CBD for Parkinson’s

A recent study suggests that CBD reduced the anxiety and tremors that many people are affected with when faced with public speaking. The subjects took 300 mg of CBD before giving a high pressure speech and showed less symptoms than those who took the placebo [2]. What does this have to do with Parkinson’s? That particular study helps enforce a previous study that found CBD acts as an inverse antagonist on certain receptors in the brain, specifically those found in the basal ganglia region [3]. Those specific regions drive functions like movement, learning, and emotion. This could potentially mean that CBD is able to respond to those receptors and provide therapeutic benefits to those suffering from Parkinson’s disease. By increasing the dopamine levels, CBD could help counteract the otherwise steady decrease of neurons that go along with PD. 

As mentioned above, the cannabinoid receptors are found throughout the body and regulate many different systems including physiological processes such as hunger, pain sensitivity, temperament, and memory. These natural receptors are also some of the most affected in patients suffering from Parkinson’s disease. CBD has the ability to attach to these same receptors and offer relief from tremors, psychosis, insomnia, depression, anxiety, and pain [4].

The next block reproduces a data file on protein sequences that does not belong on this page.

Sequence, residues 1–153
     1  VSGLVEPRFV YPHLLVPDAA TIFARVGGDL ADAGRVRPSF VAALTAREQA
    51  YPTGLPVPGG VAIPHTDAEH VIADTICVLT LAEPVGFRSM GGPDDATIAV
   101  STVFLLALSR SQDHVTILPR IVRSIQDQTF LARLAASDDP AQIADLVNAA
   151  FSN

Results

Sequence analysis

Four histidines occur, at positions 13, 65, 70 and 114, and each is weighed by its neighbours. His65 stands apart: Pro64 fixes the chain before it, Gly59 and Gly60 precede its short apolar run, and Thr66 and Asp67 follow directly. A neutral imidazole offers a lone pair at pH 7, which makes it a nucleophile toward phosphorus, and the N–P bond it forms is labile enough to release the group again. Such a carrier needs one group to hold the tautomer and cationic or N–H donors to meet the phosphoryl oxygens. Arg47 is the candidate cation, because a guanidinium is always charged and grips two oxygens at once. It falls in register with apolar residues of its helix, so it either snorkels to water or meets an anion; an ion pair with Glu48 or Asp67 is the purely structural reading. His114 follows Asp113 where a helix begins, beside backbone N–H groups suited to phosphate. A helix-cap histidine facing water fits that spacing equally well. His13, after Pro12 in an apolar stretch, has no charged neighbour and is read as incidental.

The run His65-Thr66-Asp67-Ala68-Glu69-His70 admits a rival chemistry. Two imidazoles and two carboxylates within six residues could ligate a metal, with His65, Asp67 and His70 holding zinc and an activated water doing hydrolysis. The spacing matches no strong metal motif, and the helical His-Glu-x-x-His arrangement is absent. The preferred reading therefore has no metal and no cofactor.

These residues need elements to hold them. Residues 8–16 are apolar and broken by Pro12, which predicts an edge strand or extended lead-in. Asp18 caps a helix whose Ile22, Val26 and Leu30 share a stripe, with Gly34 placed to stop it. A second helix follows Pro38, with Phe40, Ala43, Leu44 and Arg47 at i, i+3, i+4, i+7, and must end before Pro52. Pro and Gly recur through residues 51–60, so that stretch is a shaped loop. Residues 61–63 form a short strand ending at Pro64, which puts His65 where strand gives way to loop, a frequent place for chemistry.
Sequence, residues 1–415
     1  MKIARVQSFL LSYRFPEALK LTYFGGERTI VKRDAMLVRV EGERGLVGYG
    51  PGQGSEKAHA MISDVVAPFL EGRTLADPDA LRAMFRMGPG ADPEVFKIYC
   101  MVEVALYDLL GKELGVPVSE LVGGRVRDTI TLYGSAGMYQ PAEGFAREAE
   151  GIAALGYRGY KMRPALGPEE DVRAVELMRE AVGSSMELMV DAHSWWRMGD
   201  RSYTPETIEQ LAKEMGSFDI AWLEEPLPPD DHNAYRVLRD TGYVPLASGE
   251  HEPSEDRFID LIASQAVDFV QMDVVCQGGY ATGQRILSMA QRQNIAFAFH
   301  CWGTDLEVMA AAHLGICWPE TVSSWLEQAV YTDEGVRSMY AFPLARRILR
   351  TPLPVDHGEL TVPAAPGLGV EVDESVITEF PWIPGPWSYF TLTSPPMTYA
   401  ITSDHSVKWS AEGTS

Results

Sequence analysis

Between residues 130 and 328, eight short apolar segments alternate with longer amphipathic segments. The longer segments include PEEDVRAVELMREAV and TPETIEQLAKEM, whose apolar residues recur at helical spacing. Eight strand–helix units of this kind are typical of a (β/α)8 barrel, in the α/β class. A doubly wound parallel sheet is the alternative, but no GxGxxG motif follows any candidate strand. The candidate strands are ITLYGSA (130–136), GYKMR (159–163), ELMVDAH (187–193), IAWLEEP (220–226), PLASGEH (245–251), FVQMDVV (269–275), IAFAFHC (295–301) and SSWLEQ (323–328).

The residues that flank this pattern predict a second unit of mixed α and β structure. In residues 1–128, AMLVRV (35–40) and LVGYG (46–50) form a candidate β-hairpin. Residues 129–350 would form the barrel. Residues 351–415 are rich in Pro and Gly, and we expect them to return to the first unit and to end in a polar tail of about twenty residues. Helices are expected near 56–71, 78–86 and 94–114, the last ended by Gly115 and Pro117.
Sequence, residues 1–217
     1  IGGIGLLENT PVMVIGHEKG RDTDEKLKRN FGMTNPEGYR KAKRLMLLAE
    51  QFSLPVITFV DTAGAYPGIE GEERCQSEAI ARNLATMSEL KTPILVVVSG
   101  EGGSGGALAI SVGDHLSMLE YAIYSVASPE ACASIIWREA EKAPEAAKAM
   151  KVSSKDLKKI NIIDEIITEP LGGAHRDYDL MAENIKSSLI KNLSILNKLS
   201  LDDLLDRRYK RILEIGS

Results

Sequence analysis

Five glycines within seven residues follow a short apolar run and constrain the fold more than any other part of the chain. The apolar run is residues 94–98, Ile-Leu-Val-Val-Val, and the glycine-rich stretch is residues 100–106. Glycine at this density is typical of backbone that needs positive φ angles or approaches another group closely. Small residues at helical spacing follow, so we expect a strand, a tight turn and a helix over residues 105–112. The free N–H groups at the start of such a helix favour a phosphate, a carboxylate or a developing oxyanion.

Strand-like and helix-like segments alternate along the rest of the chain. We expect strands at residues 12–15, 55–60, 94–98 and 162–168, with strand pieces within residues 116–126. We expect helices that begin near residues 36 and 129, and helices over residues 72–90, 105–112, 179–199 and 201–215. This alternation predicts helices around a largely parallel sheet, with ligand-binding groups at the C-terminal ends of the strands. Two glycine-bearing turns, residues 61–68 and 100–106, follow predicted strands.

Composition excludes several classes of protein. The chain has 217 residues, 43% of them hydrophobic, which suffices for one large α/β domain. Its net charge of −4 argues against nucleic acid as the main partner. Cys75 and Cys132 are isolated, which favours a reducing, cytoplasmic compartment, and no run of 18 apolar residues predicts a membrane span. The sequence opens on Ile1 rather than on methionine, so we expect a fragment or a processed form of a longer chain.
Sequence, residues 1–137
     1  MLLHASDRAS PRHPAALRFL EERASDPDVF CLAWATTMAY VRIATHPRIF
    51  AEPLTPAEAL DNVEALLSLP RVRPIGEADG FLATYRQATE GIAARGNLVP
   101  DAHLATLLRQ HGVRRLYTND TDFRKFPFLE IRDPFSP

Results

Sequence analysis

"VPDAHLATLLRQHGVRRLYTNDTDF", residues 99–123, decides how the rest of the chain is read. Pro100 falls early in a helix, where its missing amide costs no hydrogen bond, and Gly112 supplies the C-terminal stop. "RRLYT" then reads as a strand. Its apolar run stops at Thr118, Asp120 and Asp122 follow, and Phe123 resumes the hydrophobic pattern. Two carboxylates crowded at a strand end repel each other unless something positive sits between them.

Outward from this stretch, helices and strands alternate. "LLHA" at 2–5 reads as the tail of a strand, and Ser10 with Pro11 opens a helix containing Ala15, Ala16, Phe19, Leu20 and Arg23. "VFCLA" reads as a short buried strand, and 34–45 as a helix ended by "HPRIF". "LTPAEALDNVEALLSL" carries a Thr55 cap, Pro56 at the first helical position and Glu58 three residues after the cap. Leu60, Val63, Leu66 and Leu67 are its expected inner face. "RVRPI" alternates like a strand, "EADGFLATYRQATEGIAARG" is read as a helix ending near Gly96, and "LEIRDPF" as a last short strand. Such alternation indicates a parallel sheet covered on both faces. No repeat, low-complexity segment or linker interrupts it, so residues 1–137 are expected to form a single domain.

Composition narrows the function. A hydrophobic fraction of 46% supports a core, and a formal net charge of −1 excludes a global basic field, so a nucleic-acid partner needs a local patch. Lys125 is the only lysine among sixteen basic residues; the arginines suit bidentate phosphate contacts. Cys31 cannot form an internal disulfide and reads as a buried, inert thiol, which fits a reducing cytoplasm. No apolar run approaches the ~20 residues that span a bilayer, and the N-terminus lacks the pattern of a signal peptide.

As more studies about CBD’s general ability to offer therapeutic relief to a variety of conditions are released, researchers become more optimistic about its potential to help those suffering from Parkinson’s. Some research has concluded that it’s possible for CBD to help improve the quality of life for PD patients [5], that CBD can help treat PD patients suffering from psychosis [6], and that CBD can offer excellent results when PD patients use it for help with their nonmotor symptoms [7].

 

Common Misconceptions

It’s understandable that there would be confusion about CBD. It’s a new product that is only recently making its rounds and becoming a more common household name. There are a handful of common concerns people have about CBD, so let’s address them: